Most of these Christmas picks are decidedly cheery, so who better to bring the mood down than EbM favourites Frightened Rabbit? There's a couple of versions of this little ditty kicking about the place - including one sung by a choir (minus lyrics, sadly; it's just humming) - but this one is my favourite. It's slightly tougher and less, well, smooth, and that's generally how I like my FR to sound. When reviewing their 2011 EP, I bemoaned the lack of producer Peter Katis' glossy presence, but in this instance the homemade rough-and-ready aspect works wonderfully.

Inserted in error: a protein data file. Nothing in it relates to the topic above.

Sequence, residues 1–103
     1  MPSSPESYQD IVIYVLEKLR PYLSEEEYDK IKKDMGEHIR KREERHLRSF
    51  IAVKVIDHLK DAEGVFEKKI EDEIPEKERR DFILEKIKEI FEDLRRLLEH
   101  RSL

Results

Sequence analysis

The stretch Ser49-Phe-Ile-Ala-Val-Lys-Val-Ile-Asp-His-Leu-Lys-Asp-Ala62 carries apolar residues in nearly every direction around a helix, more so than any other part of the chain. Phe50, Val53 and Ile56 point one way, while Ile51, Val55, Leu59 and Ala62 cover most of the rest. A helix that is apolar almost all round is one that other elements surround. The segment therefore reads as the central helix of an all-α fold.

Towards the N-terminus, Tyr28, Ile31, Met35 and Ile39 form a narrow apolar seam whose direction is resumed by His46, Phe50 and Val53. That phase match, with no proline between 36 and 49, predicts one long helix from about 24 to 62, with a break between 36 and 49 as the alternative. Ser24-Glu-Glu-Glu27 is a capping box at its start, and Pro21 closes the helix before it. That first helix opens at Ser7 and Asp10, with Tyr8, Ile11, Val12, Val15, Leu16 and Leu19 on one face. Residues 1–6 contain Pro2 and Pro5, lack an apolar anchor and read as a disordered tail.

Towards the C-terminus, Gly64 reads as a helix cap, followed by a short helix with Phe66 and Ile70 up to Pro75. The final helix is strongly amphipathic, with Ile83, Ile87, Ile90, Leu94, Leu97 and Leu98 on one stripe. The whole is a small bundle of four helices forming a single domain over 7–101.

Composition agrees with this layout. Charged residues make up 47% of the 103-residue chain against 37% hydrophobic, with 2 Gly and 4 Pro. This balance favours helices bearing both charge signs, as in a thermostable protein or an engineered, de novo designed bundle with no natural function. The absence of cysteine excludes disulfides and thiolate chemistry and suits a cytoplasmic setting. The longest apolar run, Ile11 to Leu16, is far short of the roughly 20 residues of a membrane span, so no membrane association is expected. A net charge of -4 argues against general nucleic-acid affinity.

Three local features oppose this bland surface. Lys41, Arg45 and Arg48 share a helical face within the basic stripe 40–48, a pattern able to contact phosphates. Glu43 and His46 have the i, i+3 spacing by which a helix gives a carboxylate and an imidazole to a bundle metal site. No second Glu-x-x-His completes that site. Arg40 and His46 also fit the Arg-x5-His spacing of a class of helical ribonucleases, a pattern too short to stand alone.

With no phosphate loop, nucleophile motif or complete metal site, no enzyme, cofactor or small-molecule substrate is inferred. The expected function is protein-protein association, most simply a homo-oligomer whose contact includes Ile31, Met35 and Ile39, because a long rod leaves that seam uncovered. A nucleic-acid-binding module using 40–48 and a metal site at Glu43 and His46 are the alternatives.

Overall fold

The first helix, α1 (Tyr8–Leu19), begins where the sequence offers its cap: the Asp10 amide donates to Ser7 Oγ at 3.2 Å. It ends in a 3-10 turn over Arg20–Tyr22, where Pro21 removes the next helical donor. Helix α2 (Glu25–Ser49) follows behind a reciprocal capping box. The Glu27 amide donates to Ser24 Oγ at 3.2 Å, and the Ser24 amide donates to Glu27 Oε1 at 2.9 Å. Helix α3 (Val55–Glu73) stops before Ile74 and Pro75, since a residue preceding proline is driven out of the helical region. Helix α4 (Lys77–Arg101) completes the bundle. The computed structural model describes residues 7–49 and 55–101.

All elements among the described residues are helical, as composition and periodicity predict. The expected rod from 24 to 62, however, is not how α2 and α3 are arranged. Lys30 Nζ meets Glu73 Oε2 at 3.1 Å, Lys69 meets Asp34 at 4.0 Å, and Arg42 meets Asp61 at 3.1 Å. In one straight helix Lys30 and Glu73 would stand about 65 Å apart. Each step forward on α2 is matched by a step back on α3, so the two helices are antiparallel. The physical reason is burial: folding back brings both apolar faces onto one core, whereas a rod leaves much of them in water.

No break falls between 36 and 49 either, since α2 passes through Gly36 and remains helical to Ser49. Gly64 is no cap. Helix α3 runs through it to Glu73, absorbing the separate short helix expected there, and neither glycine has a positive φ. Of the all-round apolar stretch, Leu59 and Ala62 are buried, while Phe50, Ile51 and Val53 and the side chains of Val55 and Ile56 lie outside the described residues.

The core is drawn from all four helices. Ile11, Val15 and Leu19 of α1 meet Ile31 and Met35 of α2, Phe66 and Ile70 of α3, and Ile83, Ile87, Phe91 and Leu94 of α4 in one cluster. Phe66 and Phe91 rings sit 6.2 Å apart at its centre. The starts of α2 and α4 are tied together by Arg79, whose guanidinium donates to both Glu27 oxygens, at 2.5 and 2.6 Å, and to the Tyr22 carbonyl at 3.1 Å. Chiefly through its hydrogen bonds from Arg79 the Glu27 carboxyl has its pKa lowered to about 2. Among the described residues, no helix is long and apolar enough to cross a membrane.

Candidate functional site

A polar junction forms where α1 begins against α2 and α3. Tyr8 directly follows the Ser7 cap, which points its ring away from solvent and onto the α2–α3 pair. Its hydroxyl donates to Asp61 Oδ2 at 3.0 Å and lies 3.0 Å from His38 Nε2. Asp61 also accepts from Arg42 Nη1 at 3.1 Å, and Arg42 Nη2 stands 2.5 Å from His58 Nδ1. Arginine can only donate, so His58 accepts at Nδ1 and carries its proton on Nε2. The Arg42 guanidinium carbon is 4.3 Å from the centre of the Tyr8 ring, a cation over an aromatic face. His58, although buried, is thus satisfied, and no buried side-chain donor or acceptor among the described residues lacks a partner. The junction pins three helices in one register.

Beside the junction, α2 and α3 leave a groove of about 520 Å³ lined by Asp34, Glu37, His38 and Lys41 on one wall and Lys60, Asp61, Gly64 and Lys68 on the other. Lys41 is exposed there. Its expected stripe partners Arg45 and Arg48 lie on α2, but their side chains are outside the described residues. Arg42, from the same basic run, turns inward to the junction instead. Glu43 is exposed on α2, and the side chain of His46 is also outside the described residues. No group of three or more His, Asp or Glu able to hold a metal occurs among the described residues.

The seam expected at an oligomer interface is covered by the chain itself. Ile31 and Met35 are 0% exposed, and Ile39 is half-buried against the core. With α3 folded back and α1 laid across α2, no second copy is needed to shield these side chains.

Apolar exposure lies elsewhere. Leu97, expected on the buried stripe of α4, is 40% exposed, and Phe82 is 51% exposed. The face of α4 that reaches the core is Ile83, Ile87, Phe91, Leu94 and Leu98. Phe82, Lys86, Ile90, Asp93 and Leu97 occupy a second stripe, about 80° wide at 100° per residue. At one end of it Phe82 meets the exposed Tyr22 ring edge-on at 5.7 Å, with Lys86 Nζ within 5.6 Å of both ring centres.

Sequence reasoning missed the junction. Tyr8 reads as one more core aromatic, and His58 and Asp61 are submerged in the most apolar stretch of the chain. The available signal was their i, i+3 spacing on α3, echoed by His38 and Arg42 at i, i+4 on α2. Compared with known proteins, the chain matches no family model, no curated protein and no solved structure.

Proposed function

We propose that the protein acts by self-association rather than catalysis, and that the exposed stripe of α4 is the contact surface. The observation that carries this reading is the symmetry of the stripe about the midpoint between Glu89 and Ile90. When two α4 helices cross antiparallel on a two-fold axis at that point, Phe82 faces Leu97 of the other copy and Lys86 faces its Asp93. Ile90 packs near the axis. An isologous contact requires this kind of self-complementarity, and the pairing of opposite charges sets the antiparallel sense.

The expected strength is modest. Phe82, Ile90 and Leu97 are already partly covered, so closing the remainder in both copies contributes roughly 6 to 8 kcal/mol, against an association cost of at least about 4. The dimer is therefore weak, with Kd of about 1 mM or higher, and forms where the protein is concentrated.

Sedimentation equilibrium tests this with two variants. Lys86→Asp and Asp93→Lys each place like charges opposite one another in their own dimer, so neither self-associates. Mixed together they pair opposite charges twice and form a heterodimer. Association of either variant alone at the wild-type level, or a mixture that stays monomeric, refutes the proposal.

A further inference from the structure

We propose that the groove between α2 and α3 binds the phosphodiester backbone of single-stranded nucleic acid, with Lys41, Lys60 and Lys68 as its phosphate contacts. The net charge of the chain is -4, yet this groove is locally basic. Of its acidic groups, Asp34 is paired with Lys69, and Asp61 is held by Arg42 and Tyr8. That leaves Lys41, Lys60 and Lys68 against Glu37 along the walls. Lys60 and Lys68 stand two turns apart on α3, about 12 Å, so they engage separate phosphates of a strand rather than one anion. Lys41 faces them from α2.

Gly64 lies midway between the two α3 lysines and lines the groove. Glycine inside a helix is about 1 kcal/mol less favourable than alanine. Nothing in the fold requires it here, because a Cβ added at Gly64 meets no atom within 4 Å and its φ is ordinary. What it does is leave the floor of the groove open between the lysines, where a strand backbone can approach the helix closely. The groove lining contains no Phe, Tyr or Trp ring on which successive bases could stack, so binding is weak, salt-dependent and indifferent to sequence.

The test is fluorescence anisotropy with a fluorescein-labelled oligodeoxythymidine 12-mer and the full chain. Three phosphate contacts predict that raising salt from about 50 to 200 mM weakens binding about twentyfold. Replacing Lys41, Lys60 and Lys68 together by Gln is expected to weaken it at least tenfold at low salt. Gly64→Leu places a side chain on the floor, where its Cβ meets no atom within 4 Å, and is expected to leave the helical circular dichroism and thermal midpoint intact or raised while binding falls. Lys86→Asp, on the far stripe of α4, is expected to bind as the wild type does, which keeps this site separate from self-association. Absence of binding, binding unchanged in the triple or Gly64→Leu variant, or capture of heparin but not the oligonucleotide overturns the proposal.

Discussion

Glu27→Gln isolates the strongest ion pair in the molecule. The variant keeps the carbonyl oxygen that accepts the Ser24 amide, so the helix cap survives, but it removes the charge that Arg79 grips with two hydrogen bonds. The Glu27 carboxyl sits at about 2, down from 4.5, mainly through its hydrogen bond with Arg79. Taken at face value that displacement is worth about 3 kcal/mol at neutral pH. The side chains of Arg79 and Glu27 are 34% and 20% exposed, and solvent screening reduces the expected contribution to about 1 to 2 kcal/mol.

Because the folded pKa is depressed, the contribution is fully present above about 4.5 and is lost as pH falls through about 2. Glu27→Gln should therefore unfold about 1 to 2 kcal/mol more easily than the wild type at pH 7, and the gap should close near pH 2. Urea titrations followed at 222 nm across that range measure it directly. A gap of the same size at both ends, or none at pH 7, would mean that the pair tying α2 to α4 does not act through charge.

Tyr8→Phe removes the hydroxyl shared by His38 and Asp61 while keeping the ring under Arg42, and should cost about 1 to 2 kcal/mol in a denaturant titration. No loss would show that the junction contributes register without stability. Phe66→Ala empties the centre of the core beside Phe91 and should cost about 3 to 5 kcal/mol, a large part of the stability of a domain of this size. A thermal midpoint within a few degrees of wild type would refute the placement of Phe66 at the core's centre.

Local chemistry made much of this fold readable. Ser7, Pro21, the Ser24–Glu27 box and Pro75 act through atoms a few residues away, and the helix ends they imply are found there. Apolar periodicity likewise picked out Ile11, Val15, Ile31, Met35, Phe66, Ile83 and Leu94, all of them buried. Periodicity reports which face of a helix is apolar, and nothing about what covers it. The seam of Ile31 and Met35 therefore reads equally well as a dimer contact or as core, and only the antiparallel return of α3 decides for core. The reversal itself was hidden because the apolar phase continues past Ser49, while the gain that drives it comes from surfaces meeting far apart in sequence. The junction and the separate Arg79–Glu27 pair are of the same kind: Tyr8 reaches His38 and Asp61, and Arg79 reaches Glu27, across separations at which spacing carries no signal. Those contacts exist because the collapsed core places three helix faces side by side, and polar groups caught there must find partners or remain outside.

The Anthem Is A Gift
Here's further proof that I am a big fan of the XO for the Holidays compilations. The Anthem Is A Gift, was featured on the second XO comp back in 2009 (which can still be downloaded for free), and is one of that rare breed of Christmas songs that make me sad I can't listen to them for the rest of the year. Obviously to actually listen to it all year round would wear away some of the magic and excitement that December provides, so if you need The Winter Sounds in summer, head over to their bandcamp page.
In Excelsis Deo
I'm still dumbfounded that the There Will Be Fireworks album The Dark, Dark Bright wasn't a bigger hit, and I'll sing their praises to anyone who'll listen. There are some phenomenal songs on that record and I recommend you check it out, but first take a listen to this cracking early track of theirs. Just beautiful stuff.
Merry Christmas From The Family